Clashes in Egypt with Sinai Bedouin Mujahideen
Publication: Terrorism Focus Volume: 2 Issue: 18
Egyptian police have spent the weeks following the July 23 bombings of Sharm al-Sheikh searching for bomb suspects and others involved in attacks. On September 28, they appear to have made progress, given the announcement that police forces shot and killed Moussa Mohamed Salem Badran in a remote mountainous area in the Sinai peninsula about 60 km (35 miles) south of El-Arish, said to be the hometown of several suspects (www.alwafd.org). Badran is believed to have played a significant role in the Sharm al-Sheikh bombings which left 67 people dead. Two more suspects, Khalid Musaid Salem and Tilib Murdi Soliman were announced dead with a third, Yunis Mohammed al-Alian, taken into custody. The confrontation occurred as the result of an ambush organized by Egyptian security, following a tip that the men were on their way to meet Badran (www.asharqalawsat.com).
The armed confrontations come in the wake of a massive security drive, following a series of embarrassing incidents that undermined the Egyptian authorities’ claims to have cleaned up the group responsible for the Sinai attacks (security authorities believe the group responsible for the Sharm al-Sheikh bombings were also involved in the Red Sea resort bombing of Taba in October 2004). A day after Minister of Interior Habib el-Adli announced the security success, a roadside explosive package, claimed by the “Mujahideen of Egypt,” (one of the groups laying claim to the bomb at Sharm al-Sheikh and explosions in Cairo) injured two Canadian peacekeepers in northern Sinai. Following this Egyptian security cracked down harder on August 22 with thousands of police deployed to the south of El-Arish. A press ban has prevented news details emerging, but one indication of the severity of the clash is the reported death of two senior Egyptian army officers.
The violent activity in Sinai has presented a puzzle to security analysts. The claim by the Mujahideen of Egypt has yet to be authenticated and the more familiar name of the Abdullah Azzam Brigades, which also claimed the Taba attacks, is also problematic. Their claim for the August 19 Aqaba bombings posted on the Risalat al-Umma forum (www.alommh.net/forums) was contradicted by two separate, subsequent claims. The first of these was made by al-Zarqawi’s al-Qaeda in Iraq; the second from the son of the eponymous Sheikh Abdullah Azzam, who in an interview with the Saudi daily al-Riyadh, claimed that the group had nothing to do with his father, other than using a pious name “to dress their sordid acts with a positive image” (www.alriyadh.com). (Abdullah Azzam was a Palestinian Islamist considered to be the original organizer of foreign Muslim volunteers fighting the Soviet invasion. He was killed in Afghanistan in 1989.)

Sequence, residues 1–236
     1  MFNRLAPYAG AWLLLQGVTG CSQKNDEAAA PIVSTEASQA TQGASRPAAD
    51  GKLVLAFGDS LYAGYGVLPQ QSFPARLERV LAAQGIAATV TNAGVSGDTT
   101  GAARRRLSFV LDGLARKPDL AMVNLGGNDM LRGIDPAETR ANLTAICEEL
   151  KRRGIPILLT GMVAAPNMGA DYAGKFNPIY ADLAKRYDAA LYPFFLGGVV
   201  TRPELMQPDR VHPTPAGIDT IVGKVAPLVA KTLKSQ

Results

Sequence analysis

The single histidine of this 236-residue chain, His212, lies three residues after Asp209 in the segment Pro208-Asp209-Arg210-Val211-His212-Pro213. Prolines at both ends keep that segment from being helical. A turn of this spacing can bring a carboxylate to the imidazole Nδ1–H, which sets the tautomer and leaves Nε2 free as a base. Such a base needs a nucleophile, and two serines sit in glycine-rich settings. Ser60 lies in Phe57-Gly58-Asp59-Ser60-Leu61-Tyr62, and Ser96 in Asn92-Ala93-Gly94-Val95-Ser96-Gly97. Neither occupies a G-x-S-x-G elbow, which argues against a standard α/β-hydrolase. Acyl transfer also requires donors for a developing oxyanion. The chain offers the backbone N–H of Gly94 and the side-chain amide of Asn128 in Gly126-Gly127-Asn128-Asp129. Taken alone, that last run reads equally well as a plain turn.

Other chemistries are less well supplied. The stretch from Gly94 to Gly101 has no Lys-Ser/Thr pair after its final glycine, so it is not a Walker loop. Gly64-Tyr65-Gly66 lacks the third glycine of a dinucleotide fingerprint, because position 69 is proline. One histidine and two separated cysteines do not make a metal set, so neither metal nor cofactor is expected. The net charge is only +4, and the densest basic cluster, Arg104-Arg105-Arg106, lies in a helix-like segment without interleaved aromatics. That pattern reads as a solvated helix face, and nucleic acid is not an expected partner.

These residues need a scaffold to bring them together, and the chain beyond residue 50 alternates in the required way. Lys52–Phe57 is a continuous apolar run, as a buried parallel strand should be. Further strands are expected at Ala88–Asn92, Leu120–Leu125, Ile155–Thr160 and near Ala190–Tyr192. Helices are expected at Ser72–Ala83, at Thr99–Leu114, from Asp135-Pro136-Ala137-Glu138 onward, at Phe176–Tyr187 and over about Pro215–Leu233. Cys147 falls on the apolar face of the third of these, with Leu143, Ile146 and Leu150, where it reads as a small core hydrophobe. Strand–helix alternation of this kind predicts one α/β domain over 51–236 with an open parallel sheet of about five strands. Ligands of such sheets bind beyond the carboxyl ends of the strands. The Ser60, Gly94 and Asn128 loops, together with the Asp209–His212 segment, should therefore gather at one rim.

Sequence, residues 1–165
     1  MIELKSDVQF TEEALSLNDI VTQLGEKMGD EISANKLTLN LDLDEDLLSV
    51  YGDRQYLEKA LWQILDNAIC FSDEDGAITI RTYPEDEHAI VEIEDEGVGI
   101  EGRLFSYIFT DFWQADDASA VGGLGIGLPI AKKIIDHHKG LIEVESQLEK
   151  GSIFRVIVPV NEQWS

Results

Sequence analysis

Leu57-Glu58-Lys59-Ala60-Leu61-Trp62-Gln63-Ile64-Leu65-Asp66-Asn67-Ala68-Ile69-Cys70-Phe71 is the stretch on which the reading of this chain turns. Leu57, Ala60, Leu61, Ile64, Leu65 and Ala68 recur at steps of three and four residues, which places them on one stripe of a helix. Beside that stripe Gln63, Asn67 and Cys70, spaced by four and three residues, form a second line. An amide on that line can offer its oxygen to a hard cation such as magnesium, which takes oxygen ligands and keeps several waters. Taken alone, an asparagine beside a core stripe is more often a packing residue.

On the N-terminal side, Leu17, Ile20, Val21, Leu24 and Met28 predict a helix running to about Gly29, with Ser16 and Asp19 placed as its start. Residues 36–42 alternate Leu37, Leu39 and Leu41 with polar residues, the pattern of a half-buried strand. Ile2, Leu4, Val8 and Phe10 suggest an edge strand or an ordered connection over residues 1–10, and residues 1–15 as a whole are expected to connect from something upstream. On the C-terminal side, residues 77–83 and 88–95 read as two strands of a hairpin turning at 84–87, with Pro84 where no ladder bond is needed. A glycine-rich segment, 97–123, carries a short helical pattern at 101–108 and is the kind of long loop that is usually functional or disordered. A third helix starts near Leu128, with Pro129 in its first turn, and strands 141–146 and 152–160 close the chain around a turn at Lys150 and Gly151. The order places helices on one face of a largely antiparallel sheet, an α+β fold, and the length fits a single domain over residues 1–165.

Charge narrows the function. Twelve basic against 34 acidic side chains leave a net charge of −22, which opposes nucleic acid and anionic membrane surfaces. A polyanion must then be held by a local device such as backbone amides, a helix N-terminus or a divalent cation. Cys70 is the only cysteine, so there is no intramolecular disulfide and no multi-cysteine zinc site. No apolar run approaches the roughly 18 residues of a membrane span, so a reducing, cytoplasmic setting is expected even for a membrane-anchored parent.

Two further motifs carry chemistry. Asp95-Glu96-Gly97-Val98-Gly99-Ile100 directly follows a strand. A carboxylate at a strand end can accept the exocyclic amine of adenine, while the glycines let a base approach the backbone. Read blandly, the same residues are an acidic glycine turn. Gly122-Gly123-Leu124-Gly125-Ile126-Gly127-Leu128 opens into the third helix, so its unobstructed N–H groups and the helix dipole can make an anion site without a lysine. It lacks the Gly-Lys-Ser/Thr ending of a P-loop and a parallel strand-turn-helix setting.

Cairo attempted to cast suspicions on foreign elements early on, but later admitted that five Pakistanis wanted for questioning at the time had no connection with the incidents. That the bombers are probably home-grown is focusing attention on the relationship between events in Palestine and reactions in Egypt. This ties in with growing fears of al-Qaeda affiliate groups building a presence in the Palestinian Territories—as evidenced by statements affirming this fact from Hamas. Cairo naturally fears that the rise of Hamas, and Islamic militancy more generally, in the Gaza Strip will re-energize Egypt’s own Islamists.
Suspects among the Sinai Peninsula’s indigenous Bedouin tribes were picked-up following reports of suspicious activity in the mountainous interior of the peninsula before the Sharm al-Sheikh blasts. Members of these communities are implicated in the lucrative smuggling of weaponry into Gaza. With the Israeli withdrawal from the Gaza Strip, Egypt has had to significantly intensify security on its border, inevitably leading to increased tensions with the smugglers. This—coupled with the draconian response to the Sinai bombings, with heavy-handed suppression and mass arrests—appears to be spawning a vicious cycle of antagonism and threatens to consolidate common ground between organized crime and Islamist militancy.